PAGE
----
No kegs, strictly enforced guest lists, and at least three "sober and lucid" monitors is the new normal for fraternity and sorority parties at the University of Virginia. President Teresa Sullivan yesterday announced the changes to the university's Fraternal Organization Agreement and said the school would lift a ban on social events—but only if groups agree to the new safety regulations, the AP reports. Each chapter has until Jan. 16 to sign off on the new regulations, adds the Washington Post.The university had instituted the ban after a November Rolling Stone article (since found to have "discrepancies") alleged that a student had been raped at a 2012 frat party and that university response had been lacking, Reuters notes.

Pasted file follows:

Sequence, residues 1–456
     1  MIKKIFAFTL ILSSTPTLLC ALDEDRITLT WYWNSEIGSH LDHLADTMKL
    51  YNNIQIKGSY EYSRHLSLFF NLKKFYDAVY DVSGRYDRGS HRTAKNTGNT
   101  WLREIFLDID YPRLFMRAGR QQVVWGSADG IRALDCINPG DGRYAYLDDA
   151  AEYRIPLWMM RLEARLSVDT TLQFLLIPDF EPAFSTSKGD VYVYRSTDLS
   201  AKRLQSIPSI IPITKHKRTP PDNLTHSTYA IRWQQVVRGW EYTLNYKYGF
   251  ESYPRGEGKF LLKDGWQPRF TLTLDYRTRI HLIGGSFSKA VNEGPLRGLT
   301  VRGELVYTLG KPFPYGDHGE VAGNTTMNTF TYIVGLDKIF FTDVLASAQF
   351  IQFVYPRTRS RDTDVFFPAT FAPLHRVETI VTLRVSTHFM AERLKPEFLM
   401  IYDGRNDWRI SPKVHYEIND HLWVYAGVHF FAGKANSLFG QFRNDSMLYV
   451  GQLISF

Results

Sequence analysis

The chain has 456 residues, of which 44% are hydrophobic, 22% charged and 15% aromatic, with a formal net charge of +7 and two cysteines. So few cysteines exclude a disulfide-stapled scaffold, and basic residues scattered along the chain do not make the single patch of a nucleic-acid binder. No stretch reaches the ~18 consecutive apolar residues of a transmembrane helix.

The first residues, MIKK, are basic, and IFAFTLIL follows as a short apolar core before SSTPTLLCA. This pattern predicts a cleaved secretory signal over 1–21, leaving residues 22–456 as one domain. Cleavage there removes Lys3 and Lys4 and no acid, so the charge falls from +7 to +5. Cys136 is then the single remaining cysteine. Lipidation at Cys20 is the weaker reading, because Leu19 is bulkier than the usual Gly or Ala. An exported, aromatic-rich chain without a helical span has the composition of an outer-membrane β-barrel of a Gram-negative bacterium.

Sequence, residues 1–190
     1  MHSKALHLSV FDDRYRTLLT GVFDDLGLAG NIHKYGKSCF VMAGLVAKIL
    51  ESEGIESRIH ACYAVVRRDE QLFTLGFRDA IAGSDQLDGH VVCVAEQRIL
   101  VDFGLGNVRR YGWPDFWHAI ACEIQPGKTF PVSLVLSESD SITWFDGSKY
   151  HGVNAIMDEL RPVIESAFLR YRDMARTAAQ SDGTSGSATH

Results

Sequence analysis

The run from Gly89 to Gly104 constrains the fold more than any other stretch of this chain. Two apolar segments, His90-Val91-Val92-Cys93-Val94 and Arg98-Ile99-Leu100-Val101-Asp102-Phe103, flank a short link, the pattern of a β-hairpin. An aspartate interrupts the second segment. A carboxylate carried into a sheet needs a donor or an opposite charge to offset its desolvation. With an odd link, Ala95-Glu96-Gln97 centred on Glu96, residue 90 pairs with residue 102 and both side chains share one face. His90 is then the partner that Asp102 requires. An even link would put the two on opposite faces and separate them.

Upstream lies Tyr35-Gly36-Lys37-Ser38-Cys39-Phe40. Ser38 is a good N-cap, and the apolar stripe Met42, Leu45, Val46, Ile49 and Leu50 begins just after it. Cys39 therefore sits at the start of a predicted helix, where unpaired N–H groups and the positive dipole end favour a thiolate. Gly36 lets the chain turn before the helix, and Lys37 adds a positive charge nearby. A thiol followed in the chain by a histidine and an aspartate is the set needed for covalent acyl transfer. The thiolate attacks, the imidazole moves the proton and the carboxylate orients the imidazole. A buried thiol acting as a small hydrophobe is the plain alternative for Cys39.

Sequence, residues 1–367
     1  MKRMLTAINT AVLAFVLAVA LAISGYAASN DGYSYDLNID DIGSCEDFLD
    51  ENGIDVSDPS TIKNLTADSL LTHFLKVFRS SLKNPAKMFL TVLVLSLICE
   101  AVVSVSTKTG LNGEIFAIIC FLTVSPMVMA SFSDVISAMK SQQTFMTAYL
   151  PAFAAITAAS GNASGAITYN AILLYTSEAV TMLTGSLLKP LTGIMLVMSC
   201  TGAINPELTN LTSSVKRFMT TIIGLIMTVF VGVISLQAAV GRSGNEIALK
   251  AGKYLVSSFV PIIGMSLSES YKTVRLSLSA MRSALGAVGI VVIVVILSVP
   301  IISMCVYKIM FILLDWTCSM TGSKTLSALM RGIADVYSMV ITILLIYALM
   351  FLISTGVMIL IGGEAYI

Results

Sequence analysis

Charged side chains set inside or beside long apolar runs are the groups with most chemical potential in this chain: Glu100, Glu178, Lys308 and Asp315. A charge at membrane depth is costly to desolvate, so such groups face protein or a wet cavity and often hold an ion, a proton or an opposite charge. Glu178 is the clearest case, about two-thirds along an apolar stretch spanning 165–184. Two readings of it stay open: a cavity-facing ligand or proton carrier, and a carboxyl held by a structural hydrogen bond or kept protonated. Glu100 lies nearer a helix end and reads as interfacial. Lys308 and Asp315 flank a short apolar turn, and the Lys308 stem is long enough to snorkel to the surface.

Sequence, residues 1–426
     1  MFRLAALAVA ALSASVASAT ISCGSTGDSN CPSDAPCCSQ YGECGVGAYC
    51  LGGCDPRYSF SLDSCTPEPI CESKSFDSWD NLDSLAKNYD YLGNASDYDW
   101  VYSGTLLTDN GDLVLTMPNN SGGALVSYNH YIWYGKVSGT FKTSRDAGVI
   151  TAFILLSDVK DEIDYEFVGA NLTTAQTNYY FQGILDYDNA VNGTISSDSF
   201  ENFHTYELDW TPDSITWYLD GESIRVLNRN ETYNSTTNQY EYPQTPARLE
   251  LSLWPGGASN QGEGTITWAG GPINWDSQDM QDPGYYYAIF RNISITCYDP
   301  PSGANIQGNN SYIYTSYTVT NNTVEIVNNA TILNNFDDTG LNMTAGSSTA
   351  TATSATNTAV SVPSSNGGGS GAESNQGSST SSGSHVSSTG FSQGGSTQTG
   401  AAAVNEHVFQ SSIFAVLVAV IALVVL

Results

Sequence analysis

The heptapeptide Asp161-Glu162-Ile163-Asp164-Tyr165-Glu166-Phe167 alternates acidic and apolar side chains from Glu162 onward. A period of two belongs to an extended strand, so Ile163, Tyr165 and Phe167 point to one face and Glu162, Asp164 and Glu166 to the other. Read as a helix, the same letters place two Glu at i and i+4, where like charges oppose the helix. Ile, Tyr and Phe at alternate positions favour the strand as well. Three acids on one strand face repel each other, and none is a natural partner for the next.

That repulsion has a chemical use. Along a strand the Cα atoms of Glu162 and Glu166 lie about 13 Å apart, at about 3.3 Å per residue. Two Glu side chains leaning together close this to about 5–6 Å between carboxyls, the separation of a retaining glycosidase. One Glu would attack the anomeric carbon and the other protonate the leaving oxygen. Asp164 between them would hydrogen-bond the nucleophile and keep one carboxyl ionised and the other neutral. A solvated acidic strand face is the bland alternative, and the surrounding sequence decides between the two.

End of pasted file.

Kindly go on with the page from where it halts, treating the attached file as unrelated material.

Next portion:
The new rules maintain that one of the sober monitors—all of whom must wear a label identifying them as such—must be posted where alcohol is being served, while another is required to keep tabs on any staircases leading to bedrooms and have "immediate key access to each room" of the fraternity house, the Post notes. Premixed drinks or any other "common source of alcohol" (including kegs) is prohibited; beer can be doled out in unopened cans, but wine can be poured and served only by a sober monitor. And that's if guests make it into the party: Under a section titled "Eliminating Discomfort and Chaos: Entry Management" is a mandate for a hired security guard at the entry door to check guest lists during "Tier I" events (larger parties); a frat member can monitor the list during smaller "Tier II" events. (A Slate columnist came under fire for linking rape to women's drinking.)